The outlines are transferred to the surface of the harpsichord / © Arnulf Hinkel

All gold is not created equal

The micturition is applied successively in small sections on the harpsichord, because the time frame for the optimal degree of drying before the gold leaf application is relatively narrow. “Learning the optimal size of one such section was a process of trial and error, and it took a long time,” Zappe recalls.

Jessica Zappe smoothes the joints between the gold leafs / © Arnulf Hinkel

The choice of gold is decisive for a successful outcome. In theory, a gilder can use either a high-gloss or silk-matte finish, but for a harpsichord the latter is clearly preferable. Through years of experience, Zappe determined that a particular transfer gold, Ducat Double Gold, is the optimal product for her work. Its wafer-thin sheets can be easily removed from their parchment paper base and flexibly applied to a surface. The gilder prefers the 23-carat gold, as 18-carat gold has proven too thin to survive the stresses and strains of a harpsichord, especially if it is an instrument frequently transported to concerts, as is the case with the Grychtoliks. The individual gold leafs are placed next to each other on the harpsichord surface. The lines along which they meet are carefully flattened with a brush and thus become imperceptible.

Applying the gold leaf / © Arnulf Hinkel

Once the gold has been applied, the brush is used to remove any protruding particles, which is quite simple, as the gold leaf is adhesive only where micturition has been applied.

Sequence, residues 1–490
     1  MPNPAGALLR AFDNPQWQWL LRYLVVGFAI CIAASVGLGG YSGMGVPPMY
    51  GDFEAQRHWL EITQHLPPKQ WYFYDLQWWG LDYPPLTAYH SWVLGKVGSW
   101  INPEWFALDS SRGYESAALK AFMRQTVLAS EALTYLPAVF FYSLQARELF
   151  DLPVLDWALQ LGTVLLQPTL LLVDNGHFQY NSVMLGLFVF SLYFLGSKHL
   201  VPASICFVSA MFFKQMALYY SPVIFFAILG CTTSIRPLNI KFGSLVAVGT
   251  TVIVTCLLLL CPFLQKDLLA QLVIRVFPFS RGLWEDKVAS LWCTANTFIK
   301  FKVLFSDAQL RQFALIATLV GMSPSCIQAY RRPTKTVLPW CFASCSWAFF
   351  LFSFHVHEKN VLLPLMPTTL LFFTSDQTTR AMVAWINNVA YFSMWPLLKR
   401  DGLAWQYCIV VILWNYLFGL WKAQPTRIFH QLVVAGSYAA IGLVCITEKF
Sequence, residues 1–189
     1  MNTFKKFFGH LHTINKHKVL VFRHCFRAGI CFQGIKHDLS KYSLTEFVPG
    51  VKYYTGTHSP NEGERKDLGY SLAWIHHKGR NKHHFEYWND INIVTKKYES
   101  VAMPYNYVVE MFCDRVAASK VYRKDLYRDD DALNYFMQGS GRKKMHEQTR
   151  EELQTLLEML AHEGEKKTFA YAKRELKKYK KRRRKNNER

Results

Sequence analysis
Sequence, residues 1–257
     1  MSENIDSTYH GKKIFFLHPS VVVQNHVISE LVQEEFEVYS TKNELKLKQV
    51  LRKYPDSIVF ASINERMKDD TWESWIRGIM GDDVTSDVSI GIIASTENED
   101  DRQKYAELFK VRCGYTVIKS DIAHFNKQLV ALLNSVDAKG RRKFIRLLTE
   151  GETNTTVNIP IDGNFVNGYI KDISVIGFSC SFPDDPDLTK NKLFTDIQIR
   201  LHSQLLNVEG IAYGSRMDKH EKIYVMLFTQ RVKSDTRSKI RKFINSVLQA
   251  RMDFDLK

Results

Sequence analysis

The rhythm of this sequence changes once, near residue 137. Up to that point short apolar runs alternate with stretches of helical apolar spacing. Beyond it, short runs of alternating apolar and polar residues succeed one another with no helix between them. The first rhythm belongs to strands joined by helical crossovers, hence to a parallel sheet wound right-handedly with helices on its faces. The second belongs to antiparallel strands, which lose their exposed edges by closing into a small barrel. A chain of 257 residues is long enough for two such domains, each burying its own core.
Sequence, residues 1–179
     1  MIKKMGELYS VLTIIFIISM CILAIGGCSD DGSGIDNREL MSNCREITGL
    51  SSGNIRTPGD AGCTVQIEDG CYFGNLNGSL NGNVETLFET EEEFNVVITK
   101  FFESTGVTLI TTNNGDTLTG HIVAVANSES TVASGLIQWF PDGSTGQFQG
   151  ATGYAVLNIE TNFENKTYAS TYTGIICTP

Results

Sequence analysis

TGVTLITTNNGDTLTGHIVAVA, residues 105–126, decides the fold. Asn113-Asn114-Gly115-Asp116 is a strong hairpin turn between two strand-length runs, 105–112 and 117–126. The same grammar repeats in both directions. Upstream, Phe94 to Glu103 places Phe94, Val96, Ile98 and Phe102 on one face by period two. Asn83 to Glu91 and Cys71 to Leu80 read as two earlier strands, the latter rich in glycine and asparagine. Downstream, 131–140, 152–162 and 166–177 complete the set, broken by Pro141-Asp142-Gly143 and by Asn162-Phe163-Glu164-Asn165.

The gilding of a harpsichord: two months’ work 

After the application of the gold ornaments, the expert lets her work dry for a few days before polishing the surface with a special cloth. A clear varnish is then applied as a protective layer against abrasion or impact damage. In a next step to create more visual depth, the ornamental pattern is shaded with a brownish colour, before the entire surface is sealed with clear varnish in a final step. 

Halftime –time for the other half / © Arnulf Hinkel

Next project: a golden rococo harpsichord frame

The Grychtoliks are looking forward to presenting their newly gilded harpsichord at a concert. “We like to think that the noble appearance of our instrument will inspire the audience and convey the high standards we have set for ourselves. Through our daily practice together, we are constantly working on upholding them,” says Aleksandra Grychtolik, explaining her enthusiasm for the precious metal. Their next project: the gilding of a harpsichord frame in the rococo style.

Alexander Grychtolik with his freshly gilded harpsichord / © Alexander Grychtolik


Arnulf Hinkel
Financial Journalist